I thought it fitting my fingertips started to burn after tonight’s quick pickle of goat horn peppers as my hand used the mouse. I love the quick pickle. I love vinegar so much I started dipping my crusty bread in mostly balsamic, little bit of olive oil. I soaked these pink pickled beauties to go with our steak dinner. When I do a steak dinner, I do a steak dinner. I love lots of sides. sautéed mushrooms, onion, peppers, and a potato of course. But this post is not about the steak or the potato. Or the mushroom, or those pickled pink sweets above. It’s about a carrot. More precisely these carrots.
This is how I assume vegetarian and vegans survive without having a breakdown from lack of things that taste good. They are officially one of my top 3 carrots. Tell me your wheat berries are like bacon, and I will have to politely think you have been brainwashed by the veggie man. Yeah there’s a man.
When I first moved to Seattle I kind of fell into an eating lifestyle that included not so much meat. Yeah it was healthy, but was it fun? No. It was hummus, and lots of burritos. Expensive burritos. It is much easier to eat healthy living in a city. All fun aside, I love non-meat food, even soy milk. I just can’t have a monogamous relationship with it. You understand.
Growing up we had not a one vegetarian restaurant. We didn’t have organic anything. Until the regional grocery chain Wegmans came to town, most people thought tofu was for hippies and people who lived in California. My one vegetarian friend was stuck eating mostly cheese and salads. After a decade we do have a Thai restaurant. I said a, but are a long way from a vegan breakfast spot. A vegan cafe did open in the neighboring town of Scranton. It’s called Eden. So if you find yourself in the Wyoming Valley, which I find happens strangely often, you probably will want a million other things to eat before you go to this place. Unless you are with a veg/veg, then take them here.
Thankfully I wised up and started eating meat like a regular person, and have never looked back. I have never eaten it for three meals a day, but I find if I just eat what I am hungry for, I keep a pretty balanced diet. When I want fast food I eat it, which ends up being a couple of times a month. I remember reading most Americans eat only 10 different foods in their diet. 10! I eat 10 different foods daily. No one likes the word restriction. Just say no! Now here is some beef.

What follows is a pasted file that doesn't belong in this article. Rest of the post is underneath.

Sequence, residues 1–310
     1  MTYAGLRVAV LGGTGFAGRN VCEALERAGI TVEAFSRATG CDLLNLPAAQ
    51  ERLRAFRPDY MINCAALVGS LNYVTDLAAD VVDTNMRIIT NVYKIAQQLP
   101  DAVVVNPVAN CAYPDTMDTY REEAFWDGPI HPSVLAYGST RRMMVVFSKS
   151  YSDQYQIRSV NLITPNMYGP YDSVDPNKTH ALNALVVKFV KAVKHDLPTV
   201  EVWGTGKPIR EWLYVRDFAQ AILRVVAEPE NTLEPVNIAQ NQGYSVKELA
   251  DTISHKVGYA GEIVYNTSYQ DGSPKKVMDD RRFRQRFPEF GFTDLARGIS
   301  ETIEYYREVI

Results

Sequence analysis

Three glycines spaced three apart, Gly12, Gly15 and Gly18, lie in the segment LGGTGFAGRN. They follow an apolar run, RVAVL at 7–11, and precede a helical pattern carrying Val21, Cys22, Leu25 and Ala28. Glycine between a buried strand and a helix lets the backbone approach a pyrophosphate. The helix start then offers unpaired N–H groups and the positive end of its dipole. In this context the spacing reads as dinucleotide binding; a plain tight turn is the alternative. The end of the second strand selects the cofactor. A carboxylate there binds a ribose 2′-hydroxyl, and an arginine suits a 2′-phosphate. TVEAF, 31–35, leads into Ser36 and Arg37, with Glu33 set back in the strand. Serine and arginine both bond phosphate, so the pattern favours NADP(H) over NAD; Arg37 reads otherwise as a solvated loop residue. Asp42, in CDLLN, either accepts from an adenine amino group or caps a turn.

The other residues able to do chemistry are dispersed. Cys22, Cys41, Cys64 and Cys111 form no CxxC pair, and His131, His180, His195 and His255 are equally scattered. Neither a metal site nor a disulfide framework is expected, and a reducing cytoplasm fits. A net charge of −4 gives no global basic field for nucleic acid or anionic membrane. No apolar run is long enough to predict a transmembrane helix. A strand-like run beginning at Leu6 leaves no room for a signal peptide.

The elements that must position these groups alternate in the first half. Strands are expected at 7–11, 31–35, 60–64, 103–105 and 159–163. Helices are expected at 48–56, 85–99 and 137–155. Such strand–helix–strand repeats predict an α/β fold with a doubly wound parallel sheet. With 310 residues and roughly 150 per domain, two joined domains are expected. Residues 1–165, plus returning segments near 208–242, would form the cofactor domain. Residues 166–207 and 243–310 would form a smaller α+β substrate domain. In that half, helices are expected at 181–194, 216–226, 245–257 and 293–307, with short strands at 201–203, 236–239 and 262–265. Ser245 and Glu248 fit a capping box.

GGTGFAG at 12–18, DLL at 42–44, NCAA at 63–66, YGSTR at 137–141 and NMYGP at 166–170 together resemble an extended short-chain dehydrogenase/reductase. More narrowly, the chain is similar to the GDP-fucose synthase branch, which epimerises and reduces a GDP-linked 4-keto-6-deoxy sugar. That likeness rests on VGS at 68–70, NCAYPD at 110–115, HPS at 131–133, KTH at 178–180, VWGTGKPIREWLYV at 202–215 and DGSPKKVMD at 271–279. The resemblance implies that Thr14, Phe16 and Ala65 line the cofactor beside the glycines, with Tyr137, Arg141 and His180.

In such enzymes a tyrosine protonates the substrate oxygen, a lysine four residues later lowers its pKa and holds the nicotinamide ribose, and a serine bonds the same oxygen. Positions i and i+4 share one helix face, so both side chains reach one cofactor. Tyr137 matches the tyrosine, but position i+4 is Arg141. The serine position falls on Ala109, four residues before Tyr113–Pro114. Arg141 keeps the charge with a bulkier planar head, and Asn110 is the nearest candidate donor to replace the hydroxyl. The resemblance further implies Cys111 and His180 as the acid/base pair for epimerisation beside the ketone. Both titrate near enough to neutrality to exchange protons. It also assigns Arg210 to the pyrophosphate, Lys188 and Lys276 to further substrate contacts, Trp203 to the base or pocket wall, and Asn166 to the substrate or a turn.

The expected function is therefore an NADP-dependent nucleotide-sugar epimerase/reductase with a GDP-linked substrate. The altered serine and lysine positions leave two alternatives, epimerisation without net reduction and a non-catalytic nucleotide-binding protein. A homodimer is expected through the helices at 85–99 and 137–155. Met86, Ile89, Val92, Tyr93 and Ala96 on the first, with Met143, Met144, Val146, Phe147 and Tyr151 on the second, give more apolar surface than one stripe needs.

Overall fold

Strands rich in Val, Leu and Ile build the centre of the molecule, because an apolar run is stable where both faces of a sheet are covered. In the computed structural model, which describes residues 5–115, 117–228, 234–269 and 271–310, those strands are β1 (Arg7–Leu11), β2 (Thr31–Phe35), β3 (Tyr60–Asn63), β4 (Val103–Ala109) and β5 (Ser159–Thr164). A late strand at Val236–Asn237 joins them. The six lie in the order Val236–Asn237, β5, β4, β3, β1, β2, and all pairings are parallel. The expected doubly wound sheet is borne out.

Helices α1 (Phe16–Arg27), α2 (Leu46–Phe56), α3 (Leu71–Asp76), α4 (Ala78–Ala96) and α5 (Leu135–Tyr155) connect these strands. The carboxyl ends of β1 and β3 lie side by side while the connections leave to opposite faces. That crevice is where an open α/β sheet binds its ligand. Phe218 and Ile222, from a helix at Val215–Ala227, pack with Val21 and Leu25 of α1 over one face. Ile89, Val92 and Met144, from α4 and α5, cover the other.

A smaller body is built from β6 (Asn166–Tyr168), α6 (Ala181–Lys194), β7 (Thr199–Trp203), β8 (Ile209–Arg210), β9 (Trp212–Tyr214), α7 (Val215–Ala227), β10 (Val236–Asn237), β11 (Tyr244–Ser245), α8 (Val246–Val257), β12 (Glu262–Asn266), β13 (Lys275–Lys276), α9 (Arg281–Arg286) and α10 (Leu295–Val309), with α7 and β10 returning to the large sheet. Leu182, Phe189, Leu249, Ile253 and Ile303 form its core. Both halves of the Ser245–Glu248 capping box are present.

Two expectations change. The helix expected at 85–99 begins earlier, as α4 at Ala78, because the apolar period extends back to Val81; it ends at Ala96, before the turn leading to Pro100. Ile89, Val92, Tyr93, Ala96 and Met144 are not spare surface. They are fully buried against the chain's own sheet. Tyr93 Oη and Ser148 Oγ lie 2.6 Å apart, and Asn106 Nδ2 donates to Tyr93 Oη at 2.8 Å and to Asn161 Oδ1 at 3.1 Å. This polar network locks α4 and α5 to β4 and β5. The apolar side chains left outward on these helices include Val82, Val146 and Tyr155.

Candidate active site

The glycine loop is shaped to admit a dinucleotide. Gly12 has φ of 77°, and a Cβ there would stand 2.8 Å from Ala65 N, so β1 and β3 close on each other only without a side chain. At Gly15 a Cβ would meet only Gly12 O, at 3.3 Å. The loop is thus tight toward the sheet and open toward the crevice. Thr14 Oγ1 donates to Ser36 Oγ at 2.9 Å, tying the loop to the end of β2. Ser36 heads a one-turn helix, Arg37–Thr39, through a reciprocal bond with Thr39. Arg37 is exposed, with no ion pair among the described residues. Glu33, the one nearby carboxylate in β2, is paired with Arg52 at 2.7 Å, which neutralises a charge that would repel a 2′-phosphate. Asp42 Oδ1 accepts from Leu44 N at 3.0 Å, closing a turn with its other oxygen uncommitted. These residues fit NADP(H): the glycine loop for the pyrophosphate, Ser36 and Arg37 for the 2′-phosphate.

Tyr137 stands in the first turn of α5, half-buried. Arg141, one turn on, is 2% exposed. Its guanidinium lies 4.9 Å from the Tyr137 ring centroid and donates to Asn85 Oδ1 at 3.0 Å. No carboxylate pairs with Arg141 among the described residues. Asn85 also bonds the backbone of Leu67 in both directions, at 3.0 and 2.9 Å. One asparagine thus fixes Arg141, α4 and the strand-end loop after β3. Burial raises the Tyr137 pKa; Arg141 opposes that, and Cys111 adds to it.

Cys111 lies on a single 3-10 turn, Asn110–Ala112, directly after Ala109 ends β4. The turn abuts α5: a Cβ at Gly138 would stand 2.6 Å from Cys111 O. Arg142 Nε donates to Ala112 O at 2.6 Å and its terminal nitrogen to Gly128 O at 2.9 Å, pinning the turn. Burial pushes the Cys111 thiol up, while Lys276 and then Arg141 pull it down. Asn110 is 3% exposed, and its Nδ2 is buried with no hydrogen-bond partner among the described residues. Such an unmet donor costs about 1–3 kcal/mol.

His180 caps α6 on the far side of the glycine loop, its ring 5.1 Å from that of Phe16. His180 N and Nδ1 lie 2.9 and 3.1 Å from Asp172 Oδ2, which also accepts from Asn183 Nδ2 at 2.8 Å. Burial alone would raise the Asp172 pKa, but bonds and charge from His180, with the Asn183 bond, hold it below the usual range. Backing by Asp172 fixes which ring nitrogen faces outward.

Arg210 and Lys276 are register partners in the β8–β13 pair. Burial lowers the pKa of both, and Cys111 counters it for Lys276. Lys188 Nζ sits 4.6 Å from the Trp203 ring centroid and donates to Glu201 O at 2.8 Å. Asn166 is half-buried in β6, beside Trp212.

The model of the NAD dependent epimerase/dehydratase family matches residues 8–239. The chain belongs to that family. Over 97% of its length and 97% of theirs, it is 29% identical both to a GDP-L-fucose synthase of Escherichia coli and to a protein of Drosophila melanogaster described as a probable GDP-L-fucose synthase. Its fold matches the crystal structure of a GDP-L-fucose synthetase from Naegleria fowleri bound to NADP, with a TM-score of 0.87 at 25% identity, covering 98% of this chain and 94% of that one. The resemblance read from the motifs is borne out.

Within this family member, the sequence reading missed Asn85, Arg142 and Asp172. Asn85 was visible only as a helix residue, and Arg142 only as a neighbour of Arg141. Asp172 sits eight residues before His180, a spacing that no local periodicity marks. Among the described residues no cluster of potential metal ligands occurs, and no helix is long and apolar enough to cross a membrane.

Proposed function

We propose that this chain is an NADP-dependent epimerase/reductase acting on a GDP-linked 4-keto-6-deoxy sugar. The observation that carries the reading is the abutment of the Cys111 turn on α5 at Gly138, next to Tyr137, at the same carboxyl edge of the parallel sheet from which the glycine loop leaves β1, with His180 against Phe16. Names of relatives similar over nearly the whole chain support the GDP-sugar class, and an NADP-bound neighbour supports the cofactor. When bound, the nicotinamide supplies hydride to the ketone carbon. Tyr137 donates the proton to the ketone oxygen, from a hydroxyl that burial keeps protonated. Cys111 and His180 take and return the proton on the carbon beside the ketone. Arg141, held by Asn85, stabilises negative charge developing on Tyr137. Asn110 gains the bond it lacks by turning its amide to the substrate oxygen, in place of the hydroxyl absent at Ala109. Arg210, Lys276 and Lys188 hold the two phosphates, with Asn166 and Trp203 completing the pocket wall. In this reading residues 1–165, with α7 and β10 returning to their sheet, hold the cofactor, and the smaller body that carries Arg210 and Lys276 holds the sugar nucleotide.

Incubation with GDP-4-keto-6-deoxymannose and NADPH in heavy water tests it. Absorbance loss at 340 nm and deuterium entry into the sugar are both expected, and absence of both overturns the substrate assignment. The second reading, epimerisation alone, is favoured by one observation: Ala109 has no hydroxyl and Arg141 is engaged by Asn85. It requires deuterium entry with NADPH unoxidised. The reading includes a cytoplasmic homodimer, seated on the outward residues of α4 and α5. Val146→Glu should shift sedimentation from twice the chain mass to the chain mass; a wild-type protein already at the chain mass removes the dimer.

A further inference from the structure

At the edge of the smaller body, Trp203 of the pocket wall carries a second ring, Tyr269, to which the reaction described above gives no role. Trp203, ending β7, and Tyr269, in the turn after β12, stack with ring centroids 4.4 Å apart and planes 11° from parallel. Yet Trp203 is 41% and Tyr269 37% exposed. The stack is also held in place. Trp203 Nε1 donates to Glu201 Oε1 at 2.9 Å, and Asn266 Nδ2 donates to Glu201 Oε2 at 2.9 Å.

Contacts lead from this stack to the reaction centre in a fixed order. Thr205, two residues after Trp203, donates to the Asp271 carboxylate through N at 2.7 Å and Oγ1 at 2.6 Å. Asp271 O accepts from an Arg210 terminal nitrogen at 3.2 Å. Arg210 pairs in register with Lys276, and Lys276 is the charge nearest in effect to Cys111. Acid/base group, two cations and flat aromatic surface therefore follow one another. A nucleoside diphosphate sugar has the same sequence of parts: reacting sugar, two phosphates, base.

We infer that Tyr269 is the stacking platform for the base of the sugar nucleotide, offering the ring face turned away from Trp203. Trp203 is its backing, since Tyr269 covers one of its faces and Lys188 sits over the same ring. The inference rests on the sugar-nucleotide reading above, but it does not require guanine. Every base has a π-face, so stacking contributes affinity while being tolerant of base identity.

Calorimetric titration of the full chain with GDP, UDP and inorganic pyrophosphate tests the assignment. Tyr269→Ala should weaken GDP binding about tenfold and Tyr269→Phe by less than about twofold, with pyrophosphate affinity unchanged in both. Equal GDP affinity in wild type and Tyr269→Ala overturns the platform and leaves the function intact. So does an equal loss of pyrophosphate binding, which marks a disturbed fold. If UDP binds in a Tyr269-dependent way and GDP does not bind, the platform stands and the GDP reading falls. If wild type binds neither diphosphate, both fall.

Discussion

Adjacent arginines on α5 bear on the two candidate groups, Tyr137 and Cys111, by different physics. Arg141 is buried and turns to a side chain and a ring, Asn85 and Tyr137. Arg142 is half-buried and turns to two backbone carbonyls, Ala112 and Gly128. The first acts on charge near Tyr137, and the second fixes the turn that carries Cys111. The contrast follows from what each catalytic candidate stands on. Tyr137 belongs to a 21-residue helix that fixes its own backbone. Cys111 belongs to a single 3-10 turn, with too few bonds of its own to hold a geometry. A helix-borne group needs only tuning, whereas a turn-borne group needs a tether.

My pickle changes with the wind, but here is a great recipe to start with. Then take that brine and run with it.
Michael Symon’s Pickled Chillis
Choose a colorful variety of chillis, fresno, jalapeno, banana, tomato, serrano—the thick fleshed peppers work best. The method is very simple, simply fill a jar with peppers, bring the pickling liquid to a simmer and pour it hot over the peppers. You can use them once they’re cooled but they’re best after they’ve been sitting in the pickle for a few weeks. They’ll keep for a long time–how long, I don’t know because I always use them up for I can find out.
2 bay leaves
2 tablespoons coriander
1 teaspoon cumin
4 sprigs of marjoram
3 cloves garlic
2 tablespoons black peppercorns
1 to 2 pounds chillis (or enough to fill whatever vessel you’re using)
Place chillis in a jar and cover them with water. Pour off the water into a measuring cup. Note the volume, pour off half the water and replace it with vinegar. Add 2 tablespoons sugar and 2 tablespoons salt for every three cups of liquid.
Combine your liquid and remaining spices in a pot and bring to a boil. Reduce the heat and simmer for 5 to 10 minutes, then let cool slightly. Pour the pickling liquid over the peppers, screw the lid on and refrigerate. To use, slice into rings, chop or mince depending how you want to use them.
* I used a little bit of fresh ginger, salt, sugar, and rice wine vinegar for the radishes. I think this is a swell recipe to start my one woman journey on getting the word simple to no longer be the only word to describe food that doesn’t take hours or loads of ingredients. I am toying with master/mastered. Recipes and techniques everyone can and should learn on the road to becoming an accomplished handyman of food.
“The day is coming when a single carrot, freshly observed, will set off a revolution.” Paul Cezanne
Carrots Glazed with Balsamic Vinegar and Butter
Bon Appetit December 2000
Is it wrong that I think this looks like tons of fun?